This will be an excellent indicator of how committed they are to improving their performance as it is effectively their last chance to avoid termination.

The PIP should include:

  • The exact performance that they need to improve (with examples) 
  • How they will meet expectations stated in the written warning
  • What results they expect to see in the next 4 weeks
  • Dates to review progress

Although the employee should be expected to create the improvement plan on their own, you may want to help map out a few milestones that the employee is expected to achieve.

If the employee fails or refuses to create an improvement plan, take steps to terminate employment. 

Ask the employee to leave the office

Now that the terms of the suspension have been clarified and the employee in question has been assigned to create a performance improvement plan, ask them to leave the office and begin their suspension period.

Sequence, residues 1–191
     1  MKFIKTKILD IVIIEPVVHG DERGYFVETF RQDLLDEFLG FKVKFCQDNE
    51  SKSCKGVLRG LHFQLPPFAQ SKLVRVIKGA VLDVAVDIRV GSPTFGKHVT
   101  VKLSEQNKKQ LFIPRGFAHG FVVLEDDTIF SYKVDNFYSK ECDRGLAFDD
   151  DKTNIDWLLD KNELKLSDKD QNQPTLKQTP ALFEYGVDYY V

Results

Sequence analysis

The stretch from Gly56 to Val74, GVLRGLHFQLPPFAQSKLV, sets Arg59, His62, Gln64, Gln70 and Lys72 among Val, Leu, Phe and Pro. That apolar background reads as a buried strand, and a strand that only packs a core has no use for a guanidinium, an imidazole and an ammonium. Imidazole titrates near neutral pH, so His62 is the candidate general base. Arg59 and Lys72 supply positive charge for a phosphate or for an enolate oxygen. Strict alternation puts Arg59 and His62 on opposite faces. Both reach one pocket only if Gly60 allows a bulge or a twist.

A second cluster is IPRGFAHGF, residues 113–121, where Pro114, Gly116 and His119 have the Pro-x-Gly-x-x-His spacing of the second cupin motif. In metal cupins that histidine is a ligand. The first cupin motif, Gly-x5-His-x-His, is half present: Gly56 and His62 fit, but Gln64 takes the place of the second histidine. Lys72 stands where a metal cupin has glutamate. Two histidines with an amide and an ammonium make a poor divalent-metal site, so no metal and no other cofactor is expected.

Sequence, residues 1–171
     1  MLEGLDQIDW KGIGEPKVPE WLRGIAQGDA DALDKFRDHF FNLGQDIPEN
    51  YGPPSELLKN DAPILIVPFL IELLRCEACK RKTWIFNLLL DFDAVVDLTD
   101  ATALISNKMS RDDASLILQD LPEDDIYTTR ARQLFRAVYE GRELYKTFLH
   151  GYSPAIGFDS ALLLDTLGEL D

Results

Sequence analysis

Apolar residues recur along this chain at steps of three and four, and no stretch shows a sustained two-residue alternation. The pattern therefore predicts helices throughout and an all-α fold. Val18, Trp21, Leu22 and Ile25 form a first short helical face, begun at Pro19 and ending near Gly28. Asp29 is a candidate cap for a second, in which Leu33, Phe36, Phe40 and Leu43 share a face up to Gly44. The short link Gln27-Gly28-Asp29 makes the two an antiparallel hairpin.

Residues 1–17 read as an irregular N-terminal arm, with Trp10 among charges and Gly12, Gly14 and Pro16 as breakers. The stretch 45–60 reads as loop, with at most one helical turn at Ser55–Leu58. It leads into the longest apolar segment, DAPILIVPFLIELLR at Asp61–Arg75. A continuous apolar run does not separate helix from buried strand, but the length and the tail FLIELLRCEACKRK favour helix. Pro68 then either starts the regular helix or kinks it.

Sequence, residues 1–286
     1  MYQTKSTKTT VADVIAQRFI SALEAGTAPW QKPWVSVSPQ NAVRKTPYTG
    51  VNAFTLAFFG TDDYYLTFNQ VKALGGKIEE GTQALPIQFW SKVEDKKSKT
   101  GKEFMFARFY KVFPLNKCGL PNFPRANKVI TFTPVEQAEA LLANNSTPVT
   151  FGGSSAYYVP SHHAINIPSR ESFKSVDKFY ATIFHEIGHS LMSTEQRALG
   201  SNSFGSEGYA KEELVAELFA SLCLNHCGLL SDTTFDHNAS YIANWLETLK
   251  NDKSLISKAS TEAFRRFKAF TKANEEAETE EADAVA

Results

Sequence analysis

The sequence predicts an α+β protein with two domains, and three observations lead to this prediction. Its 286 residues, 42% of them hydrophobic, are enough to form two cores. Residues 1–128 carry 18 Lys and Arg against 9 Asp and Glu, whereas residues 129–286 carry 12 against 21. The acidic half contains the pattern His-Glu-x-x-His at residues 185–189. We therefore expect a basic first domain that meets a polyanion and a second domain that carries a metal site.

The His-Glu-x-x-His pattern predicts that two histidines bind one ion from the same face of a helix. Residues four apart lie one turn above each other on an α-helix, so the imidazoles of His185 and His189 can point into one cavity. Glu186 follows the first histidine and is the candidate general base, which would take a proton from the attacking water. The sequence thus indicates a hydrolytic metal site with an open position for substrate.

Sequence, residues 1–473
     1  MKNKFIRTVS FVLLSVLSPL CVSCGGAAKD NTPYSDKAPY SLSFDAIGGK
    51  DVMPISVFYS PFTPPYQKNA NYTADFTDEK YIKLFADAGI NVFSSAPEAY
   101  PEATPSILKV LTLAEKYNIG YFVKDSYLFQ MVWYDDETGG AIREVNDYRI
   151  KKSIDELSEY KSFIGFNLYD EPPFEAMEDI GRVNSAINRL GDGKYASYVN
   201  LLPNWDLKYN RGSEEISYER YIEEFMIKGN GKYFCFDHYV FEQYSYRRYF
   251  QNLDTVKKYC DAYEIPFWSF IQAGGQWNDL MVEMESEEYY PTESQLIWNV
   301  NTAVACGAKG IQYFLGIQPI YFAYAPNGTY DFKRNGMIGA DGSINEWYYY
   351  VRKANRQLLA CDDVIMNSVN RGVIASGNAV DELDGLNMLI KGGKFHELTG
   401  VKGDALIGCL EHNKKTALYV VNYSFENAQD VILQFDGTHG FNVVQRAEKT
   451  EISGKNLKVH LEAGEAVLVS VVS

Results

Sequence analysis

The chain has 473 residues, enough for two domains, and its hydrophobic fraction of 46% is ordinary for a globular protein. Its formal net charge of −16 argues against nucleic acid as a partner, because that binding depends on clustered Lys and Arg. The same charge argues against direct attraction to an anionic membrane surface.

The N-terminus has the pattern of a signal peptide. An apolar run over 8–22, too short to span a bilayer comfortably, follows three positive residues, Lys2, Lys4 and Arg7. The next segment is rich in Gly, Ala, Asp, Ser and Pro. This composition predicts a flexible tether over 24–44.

Review the improvement plan upon return

Once the employee has returned to the office, review the improvement plan and monitor their progress over the next few weeks to determine whether or not they will be terminated.

Determine if termination is necessary

Termination:

Schedule a meeting

Use the email template below to schedule a meeting.

Go over all documentation

Gather all the documentation from previous disciplinary measures leading up to the termination. 

Discuss with the employee how they have been given plenty of chances to correct their behavior or improve their performance but have failed to do so. 

  • 1
    Verbal warning
  • 2
    Written warning
  • 3
    Suspension
  • 4
    Performance improvement plan
  • 5
    Other relevant documentation (e.g. formal employee complaints)

Discuss attempts to make change

The employee may feel as though they have done everything they can to satisfy your expectations and avoid termination.

Discuss with them how and why these attempts were not enough and failed to meet the company's expectations. Use all of the disciplinary documentation to support your statements. 

Complete the termination checklist

Move on to the Employment Termination Checklist to continue to process. 

Sources: